“It’s really important to encourage children to move on to more complex texts as their reading comprehension develops. We can’t expect boys in high school to understand and enjoy bigger stories with deeper themes, let alone the likes of Shakespeare, if they’ve never read anything more difficult than The Treehouse or The Bad Guys. Of course these books are great and play an important role in getting kids interested in stories, but we have to encourage boys to read wider and harder over time.”

“From experience, when we set high expectations for children, they tend to rise to them. Based on the books that are currently available and popular with young boys, we probably don’t have high enough expectations of what they are capable of reading – and that needs to change.”

Make reading an enjoyable family affair

As research suggests, those whose parents model the behaviour – aka reading – from a young age tend to become book lovers themselves, and so one way of ensuring that your boys enjoy reading is by modelling the enjoyment of reading yourself. This gets even more fun as kids enter school and start to read a bigger variety of books, and you can begin to read books as a family, then discuss them together. Especially with the beginning of school, some children begin to see reading as something purely done for testing, making reading seem like a chore – creating fun family rituals around reading can help combat this. 

If for some reason you don’t have the time to read with or to your little ones audiobooks complement physical books especially well.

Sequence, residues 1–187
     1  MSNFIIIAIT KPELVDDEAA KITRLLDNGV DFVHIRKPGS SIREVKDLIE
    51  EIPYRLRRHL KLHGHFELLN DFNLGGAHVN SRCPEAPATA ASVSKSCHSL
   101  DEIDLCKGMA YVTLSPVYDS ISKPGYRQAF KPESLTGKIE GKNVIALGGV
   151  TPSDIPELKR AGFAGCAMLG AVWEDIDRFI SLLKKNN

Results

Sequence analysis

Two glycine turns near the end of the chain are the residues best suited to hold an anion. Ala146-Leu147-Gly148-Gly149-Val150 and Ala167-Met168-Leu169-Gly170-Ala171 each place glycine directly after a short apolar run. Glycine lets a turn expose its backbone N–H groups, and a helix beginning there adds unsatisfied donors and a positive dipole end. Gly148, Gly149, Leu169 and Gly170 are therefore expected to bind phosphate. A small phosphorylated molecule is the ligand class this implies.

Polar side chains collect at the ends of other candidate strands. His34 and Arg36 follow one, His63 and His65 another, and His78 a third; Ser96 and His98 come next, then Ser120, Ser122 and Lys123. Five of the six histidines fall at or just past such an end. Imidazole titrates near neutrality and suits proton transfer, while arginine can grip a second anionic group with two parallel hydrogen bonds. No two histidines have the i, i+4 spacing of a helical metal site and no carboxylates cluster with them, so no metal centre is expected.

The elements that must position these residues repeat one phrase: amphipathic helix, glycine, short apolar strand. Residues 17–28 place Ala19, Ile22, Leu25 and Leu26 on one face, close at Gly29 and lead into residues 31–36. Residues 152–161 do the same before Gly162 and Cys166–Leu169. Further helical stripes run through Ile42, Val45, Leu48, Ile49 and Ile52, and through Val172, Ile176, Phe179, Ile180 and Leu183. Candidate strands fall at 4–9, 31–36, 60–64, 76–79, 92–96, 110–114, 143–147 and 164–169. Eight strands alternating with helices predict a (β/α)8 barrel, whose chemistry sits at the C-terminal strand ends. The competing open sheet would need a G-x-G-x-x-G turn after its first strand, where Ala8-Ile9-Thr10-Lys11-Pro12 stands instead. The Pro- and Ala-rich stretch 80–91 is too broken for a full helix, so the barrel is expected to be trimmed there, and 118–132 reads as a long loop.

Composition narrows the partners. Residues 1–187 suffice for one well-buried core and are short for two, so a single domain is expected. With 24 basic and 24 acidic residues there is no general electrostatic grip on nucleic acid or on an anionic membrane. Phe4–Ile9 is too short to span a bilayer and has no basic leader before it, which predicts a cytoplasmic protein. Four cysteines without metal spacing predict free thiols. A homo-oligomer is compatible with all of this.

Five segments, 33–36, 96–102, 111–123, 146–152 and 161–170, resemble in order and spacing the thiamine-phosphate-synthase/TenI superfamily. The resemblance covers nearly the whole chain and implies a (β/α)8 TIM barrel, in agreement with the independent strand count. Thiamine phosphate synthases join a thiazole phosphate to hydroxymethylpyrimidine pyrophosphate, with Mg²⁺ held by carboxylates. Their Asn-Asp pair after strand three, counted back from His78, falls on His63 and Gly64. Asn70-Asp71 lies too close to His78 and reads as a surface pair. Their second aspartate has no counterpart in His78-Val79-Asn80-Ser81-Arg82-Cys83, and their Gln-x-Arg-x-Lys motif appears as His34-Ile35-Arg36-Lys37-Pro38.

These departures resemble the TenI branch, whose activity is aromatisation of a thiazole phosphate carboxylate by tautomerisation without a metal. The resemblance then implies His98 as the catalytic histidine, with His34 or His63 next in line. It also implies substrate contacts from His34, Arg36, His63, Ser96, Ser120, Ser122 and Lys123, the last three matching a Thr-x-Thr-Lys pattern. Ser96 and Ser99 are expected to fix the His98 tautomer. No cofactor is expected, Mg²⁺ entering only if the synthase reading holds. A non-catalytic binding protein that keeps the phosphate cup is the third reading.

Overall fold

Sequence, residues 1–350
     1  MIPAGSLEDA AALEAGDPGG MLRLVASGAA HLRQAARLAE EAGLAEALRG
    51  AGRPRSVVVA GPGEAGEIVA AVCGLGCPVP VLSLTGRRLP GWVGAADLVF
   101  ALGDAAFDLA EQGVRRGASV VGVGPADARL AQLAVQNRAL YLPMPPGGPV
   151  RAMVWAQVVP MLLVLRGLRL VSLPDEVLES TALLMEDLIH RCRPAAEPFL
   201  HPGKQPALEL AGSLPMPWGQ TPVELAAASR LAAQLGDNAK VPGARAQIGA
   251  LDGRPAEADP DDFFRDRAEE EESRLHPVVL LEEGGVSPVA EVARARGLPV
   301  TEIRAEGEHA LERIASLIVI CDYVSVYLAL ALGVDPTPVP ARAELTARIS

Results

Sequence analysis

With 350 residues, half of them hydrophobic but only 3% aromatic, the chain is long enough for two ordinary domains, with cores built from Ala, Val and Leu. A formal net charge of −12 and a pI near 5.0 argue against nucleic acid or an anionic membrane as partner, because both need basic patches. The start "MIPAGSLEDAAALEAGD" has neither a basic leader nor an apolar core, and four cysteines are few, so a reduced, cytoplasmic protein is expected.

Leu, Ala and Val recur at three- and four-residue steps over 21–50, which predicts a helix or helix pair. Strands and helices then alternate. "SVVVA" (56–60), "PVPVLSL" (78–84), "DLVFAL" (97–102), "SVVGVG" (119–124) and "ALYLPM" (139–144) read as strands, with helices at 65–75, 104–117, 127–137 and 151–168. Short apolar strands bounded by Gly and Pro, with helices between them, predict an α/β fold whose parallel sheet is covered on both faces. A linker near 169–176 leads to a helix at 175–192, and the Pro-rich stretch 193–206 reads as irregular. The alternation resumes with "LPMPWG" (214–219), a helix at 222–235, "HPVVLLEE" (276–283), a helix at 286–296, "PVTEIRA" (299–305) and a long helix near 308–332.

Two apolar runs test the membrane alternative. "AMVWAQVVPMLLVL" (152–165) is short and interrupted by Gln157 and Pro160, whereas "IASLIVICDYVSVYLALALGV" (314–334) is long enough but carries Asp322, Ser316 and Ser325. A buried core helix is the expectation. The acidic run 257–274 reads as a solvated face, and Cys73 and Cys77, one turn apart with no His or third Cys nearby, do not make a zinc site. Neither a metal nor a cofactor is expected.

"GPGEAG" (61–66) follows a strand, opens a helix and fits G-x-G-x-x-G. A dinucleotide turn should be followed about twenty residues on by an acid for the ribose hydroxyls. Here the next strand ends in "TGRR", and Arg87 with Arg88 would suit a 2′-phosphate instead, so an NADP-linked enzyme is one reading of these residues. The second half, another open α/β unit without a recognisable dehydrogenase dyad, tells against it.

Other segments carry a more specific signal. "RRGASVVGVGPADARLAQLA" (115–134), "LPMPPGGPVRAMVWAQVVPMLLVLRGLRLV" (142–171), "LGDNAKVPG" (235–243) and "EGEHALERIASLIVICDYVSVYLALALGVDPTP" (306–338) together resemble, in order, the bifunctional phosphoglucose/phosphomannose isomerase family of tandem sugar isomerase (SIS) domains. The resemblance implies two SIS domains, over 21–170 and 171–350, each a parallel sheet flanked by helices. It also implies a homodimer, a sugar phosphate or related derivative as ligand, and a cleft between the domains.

“Having the physical book so the child can follow along is a great idea – it can lead to them reading alongside the audio too,” suggests Harvey. 

Seek help from librarians and teachers 

Sometimes the hardest thing is finding books that pique boys’ interest. While allowing your kids to choose their own books is important, so can asking for the help of knowledgeable librarians, booksellers, or teachers. They are experts at connecting struggling and disengaged readers with books that meet their interest and ability levels and can help them to expand their reading as they get older – not to mention family trips to the library have an abundance of positive benefits too!

How Storyfest helps foster a love of reading

As communities, there are things we can do to facilitate and encourage a love of reading – both in girls and boys, and both in urban and regional spaces. 

As Storyfest’s Patron, Harvey believes that literary organisations have a big role to play.

“Events like those organised by Somerset Storyfest inspire children on an elemental level. At author sessions, writing workshops, or one of the many events at the annual Storyfest Writers’ Festival, kids get to meet the people who write the books, and in turn be inspired to read more. These events also help them realise that reading and writing is aspirational – it has purpose, it’s fun, and it is accessible to them personally.”

The work of children’s literary organisations such as Storyfest is critical – they provide children, boys and girls, with both access and opportunity, which in turn promotes a love of reading. 

Finally, it is also abundantly clear that access is key to everything – children in cities perform better than children in rural areas, while those with ready access to books at home outperform those without. Other influential factors such as First Nations background, geographic location, and socioeconomic status all play a role in children’s literacy skills – which is why Storyfest is going Out West, in the hopes of taking this access to literature to more regional locations. If you’d like to support these essential endeavours, you can find out more here.

Not sure what books to get for reluctant readers? Check out our favourite middle grade books!

Need even more tips for encouraging kids to read more? Follow our tips and ideas for raising young readers here!